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The State-In-Society Approach To Democratization With Examples From Japan, Mary Alice Haddad Oct 2010

The State-In-Society Approach To Democratization With Examples From Japan, Mary Alice Haddad

Division II Faculty Publications

How does an undemocratic country create democratic institutions and transform its polity in such a way that democratic values and practices become integral parts of its political culture? This article uses the case of Japan to advocate for a new theoretical approach to the study of democratization. In particular, it examines how theoretical models based on the European and North American experiences have difficulty explaining the process of democratization in Japan, and argues that a state-in-society approach is better suited to explaining the democratization process diverse cultural contexts. Taking a bottom-up view of recent developments in Japanese civil society through ...


From Undemocratic To Democratic Civil Society: Japan's Volunteer Fire Departments, Mary Alice Haddad Feb 2010

From Undemocratic To Democratic Civil Society: Japan's Volunteer Fire Departments, Mary Alice Haddad

Division II Faculty Publications

How do undemocratic civic organizations become compatible with democratic civil society? How do local organizations merge older patriarchal, hierarchical values and practices with newer more egalitarian, democratic ones? This article tells the story of how volunteer fire departments have done this in Japan. Their transformation from centralized war instrument of an authoritarian regime to local community safety organization of a full-fledged democracy did not happen overnight. A slow process of demographic and value changes helped the organization adjust to more democratic social values and practices. The way in which this organization made the transition offers important lessons for emerging democracies ...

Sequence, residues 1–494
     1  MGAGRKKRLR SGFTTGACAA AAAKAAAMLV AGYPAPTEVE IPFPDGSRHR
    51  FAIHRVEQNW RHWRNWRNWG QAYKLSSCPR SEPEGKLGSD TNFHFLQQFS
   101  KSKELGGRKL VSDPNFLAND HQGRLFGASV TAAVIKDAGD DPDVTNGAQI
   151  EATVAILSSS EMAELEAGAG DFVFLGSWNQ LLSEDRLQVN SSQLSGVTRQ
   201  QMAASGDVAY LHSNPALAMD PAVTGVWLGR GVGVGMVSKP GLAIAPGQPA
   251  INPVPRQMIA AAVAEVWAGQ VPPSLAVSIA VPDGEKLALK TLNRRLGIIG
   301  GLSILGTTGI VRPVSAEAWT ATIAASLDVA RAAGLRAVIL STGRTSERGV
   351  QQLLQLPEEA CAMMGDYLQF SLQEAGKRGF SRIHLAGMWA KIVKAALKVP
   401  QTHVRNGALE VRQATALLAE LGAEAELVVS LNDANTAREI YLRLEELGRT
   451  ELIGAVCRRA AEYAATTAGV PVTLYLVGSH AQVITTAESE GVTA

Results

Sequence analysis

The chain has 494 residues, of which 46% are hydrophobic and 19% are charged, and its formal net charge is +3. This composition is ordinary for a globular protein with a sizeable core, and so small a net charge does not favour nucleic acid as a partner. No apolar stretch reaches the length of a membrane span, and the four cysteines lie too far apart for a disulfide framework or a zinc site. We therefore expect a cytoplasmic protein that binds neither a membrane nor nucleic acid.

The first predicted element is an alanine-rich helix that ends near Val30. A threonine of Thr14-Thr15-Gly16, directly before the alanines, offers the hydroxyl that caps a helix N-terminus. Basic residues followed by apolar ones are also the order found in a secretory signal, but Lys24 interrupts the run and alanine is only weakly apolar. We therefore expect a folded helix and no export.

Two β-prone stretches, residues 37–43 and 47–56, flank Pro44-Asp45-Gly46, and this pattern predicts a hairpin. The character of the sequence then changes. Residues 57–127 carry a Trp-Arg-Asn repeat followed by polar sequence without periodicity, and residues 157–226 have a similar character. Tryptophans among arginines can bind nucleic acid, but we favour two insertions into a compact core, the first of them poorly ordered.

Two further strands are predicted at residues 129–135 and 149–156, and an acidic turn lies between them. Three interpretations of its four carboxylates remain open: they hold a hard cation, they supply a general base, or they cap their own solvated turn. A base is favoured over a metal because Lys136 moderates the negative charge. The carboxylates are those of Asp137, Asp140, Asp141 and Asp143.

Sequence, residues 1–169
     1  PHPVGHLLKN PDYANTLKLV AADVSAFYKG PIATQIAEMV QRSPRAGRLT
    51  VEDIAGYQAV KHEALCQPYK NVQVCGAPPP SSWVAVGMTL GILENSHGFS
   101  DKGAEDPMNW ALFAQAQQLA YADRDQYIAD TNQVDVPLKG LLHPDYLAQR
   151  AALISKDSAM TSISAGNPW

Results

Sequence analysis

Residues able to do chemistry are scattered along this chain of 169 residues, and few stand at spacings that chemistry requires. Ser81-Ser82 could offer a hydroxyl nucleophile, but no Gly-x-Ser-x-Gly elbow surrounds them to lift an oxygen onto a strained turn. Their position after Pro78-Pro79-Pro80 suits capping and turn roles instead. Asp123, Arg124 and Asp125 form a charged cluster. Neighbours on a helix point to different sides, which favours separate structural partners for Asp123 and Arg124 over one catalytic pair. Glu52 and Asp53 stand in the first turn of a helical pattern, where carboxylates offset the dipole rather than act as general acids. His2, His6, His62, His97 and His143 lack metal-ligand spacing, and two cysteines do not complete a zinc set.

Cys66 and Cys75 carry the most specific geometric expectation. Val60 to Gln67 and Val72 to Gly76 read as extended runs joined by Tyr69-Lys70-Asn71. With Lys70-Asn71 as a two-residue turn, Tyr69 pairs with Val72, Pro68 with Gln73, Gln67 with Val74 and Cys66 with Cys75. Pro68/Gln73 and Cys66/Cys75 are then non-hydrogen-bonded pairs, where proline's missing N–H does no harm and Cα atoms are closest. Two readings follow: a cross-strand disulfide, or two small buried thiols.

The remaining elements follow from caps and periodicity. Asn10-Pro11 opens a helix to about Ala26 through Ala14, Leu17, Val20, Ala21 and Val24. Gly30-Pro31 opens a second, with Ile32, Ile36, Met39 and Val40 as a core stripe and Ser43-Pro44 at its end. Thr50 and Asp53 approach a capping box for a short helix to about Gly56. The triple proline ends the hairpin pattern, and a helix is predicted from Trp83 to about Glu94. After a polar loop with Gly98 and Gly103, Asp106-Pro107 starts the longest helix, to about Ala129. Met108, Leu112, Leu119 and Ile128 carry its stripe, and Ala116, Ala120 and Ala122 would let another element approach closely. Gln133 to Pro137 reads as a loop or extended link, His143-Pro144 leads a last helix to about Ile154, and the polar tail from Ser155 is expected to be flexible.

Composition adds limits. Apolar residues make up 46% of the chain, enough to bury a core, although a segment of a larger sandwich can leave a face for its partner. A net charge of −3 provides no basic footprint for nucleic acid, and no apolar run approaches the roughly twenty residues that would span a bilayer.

Transformation Of Japan’S Civil Society Landscape, Mary Alice Haddad Sep 2007

Transformation Of Japan’S Civil Society Landscape, Mary Alice Haddad

Division II Faculty Publications

Japan’s civil society is being transformed as more people volunteer for advocacy and professional nonprofit organizations. In the American context, this trend has been accompanied by a decline in participation in traditional organizations. Does the rise in new types of nonprofit groups herald a decline of traditional volunteering in Japan? This article argues that while changes in civil rights, political opportunity structure, and technology have also taken place in Japan, they have contributed to the rise of new groups without causing traditional organizations to decline, because Japanese attitudes about civic responsibility have continued to support traditional volunteering.


Civic Responsibility And Patterns Of Voluntary Participation Around The World, Mary Alice Haddad Dec 2006

Civic Responsibility And Patterns Of Voluntary Participation Around The World, Mary Alice Haddad

Division II Faculty Publications

This article seeks to explain why different types of volunteer organizations are prevalent in different countries. It hypothesizes that patterns of volunteer participation are a function of citizen attitudes toward governmental and individual responsibility for caring for society. Those countries (e.g., Japan)—where citizens think that governments should be responsible for dealing with social problems—will tend to have higher participation in embedded volunteer organizations, such as parent-teacher associations. Those countries (e.g., the United States)—where citizens think that individuals should take responsibility for dealing with social problems—will tend to have more participation in nonembedded, organizations, such ...